Why astronauts and apartments need house plants

Why are we all falling in love with plants?

Interior landscaping undoubtedly looks great and styling your home with plants has become one of the top trends for interiors, but as people realise that they are also good for you, they become everyone’s must-have! Plants not only look great but have been scientifically proven to be good for your overall health and wellbeing.

How has plant wellness been studied?

One of the unintended consequences of having energy-efficient, airtight buildings is that trace chemicals from modern furnishings, computers, paint and carpets can create a phenomenon called the “sick building syndrome”. NASA realised that astronauts in space were subject to the same sort of problems, so they did some extensive studies and found that the best antidotes and the simplest solutions were plants!

What plants stood up to the test?

Of the dozen plants NASA tested, they all cleaned the air. These included mother-in-law’s tongues, spider plant, devil’s ivy, Boston ferns, dracaenas, philodendrons and peace lilies. Luckily, all of these options are really easy to grow at home, too. It’s obviously no coincidence that some plants have names like “peace lily” and “happy plants” — looks like they are trying to tell us something!

What else can plants do for us?

Apart from cleaning the air, did you know that indoor plants can also help clear your head? Green spaces have a positive effect on mental health and being exposed to vegetation lowers your risk of some headaches and illness. Amazingly, indoor plants also improve our alertness, concentration and communication skills, so it makes sense to add them to your workspace as well.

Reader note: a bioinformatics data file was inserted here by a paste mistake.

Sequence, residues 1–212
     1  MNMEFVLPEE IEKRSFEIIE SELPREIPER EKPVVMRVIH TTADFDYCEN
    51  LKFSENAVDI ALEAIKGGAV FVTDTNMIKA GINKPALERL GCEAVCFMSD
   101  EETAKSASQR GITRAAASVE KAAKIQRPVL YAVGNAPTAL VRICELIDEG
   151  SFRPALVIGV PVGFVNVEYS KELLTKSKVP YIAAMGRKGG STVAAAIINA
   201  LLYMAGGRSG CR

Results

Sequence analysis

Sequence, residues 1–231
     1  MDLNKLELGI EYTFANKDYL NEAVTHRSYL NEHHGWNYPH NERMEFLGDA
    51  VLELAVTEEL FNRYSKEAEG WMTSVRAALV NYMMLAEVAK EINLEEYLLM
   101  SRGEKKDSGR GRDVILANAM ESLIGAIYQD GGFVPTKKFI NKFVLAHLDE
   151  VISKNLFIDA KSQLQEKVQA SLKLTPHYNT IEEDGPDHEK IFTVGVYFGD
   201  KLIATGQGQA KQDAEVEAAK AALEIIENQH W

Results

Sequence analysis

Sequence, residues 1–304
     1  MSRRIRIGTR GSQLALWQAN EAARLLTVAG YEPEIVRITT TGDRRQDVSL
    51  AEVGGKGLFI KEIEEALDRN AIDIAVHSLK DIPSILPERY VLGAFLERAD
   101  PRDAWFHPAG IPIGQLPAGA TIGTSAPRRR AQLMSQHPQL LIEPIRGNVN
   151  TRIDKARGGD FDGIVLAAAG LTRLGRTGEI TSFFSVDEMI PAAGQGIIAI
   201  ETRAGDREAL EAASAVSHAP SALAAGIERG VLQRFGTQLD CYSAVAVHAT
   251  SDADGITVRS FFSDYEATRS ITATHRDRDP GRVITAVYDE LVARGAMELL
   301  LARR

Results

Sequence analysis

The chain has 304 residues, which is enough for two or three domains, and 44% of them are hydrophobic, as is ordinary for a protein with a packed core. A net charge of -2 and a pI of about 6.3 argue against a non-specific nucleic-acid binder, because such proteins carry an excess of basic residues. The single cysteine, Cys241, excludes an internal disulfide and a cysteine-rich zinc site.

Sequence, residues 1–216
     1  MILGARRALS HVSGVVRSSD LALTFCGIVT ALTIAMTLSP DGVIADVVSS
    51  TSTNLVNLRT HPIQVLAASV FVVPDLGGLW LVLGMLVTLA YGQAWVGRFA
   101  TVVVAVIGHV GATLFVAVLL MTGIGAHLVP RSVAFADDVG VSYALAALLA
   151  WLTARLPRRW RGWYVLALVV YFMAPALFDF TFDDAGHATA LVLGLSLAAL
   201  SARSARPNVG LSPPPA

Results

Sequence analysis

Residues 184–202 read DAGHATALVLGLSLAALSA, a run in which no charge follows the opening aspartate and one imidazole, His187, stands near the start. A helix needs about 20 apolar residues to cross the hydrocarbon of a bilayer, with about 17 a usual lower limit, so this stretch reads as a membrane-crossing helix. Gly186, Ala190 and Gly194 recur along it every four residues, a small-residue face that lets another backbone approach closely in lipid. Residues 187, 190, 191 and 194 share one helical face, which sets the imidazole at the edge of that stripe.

Do you have any styling tips for plants in our homes?

While the jungle look can be one some aspire to, most of us like our greenery to be better-trained house plants! So here are a few things to inspire you:

  1. Hanging plants. Getting plants up off the ground and into the air has two benefits. Not only are plants taking up less floor space this way, but they are also more likely to be intersecting a good light source, meaning they will be healthier, too. Staggering the heights of the hangers can make more impact as well as lead your eyes up to the ceiling, creating a sense of space.
  2. Bookshelf. Plants on your bookshelf or home office library can bring the space to life! You can choose a lush-trailing and low-light-loving plant such as devil’s ivy (also known as Pothos or Epipremnum) or utilise the top shelf for more variety.
  3. Statement plant. Discover the power of one with a statement large plant. Sometimes they are much easier to look after as they don’t dry out as easily and have better access to light. The other great thing about a large plant is that often the foliage is up and out of the way, creating a canopy above furnishings. Look for fabulous large figs, wonderful arching palms such as Kentias or elegant Rhaphis to create impact and ambience.
  4. Clustered companions. Grouping is also a way of creating “plant families” and playing different textures and colours off each other. The other great thing about clustering indoor plants is that they create their own little ecosystem, adding to the humidity of the atmosphere and their overall health. Styling-wise, use the opportunity to contrast different textures in your containers and pick up a colour theme throughout. Group in odd numbers for the best effect.

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